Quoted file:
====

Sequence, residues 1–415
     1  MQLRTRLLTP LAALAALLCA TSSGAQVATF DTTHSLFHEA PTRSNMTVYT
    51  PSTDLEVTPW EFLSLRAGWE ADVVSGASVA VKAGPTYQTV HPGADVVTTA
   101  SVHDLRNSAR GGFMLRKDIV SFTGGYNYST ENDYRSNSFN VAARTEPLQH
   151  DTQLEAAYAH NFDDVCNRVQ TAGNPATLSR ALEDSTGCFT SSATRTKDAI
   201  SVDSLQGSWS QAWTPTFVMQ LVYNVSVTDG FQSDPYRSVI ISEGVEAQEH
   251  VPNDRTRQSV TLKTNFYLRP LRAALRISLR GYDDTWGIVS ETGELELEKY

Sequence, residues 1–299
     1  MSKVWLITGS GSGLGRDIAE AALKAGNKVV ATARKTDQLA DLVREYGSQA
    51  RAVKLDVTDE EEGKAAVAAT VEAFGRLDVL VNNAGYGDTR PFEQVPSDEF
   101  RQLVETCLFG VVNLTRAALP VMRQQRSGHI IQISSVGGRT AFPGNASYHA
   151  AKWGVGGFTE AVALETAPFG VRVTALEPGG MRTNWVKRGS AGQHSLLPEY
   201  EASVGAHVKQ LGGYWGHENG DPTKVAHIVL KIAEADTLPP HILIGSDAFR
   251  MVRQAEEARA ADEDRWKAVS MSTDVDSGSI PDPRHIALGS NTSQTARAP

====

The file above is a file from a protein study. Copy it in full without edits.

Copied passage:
Sequence, residues 1–415
     1  MQLRTRLLTP LAALAALLCA TSSGAQVATF DTTHSLFHEA PTRSNMTVYT
    51  PSTDLEVTPW EFLSLRAGWE ADVVSGASVA VKAGPTYQTV HPGADVVTTA
   101  SVHDLRNSAR GGFMLRKDIV SFTGGYNYST ENDYRSNSFN VAARTEPLQH
   151  DTQLEAAYAH NFDDVCNRVQ TAGNPATLSR ALEDSTGCFT SSATRTKDAI
   201  SVDSLQGSWS QAWTPTFVMQ LVYNVSVTDG FQSDPYRSVI ISEGVEAQEH
   251  VPNDRTRQSV TLKTNFYLRP LRAALRISLR GYDDTWGIVS ETGELELEKY

Sequence, residues 1–299
     1  MSKVWLITGS GSGLGRDIAE AALKAGNKVV ATARKTDQLA DLVREYGSQA
    51  RAVKLDVTDE EEGKAAVAAT VEAFGRLDVL VNNAGYGDTR PFEQVPSDEF
   101  RQLVETCLFG VVNLTRAALP VMRQQRSGHI IQISSVGGRT AFPGNASYHA
   151  AKWGVGGFTE AVALETAPFG VRVTALEPGG MRTNWVKRGS AGQHSLLPEY
   201  EASVGAHVKQ LGGYWGHENG DPTKVAHIVL KIAEADTLPP HILIGSDAFR
   251  MVRQAEEARA ADEDRWKAVS MSTDVDSGSI PDPRHIALGS NTSQTARAP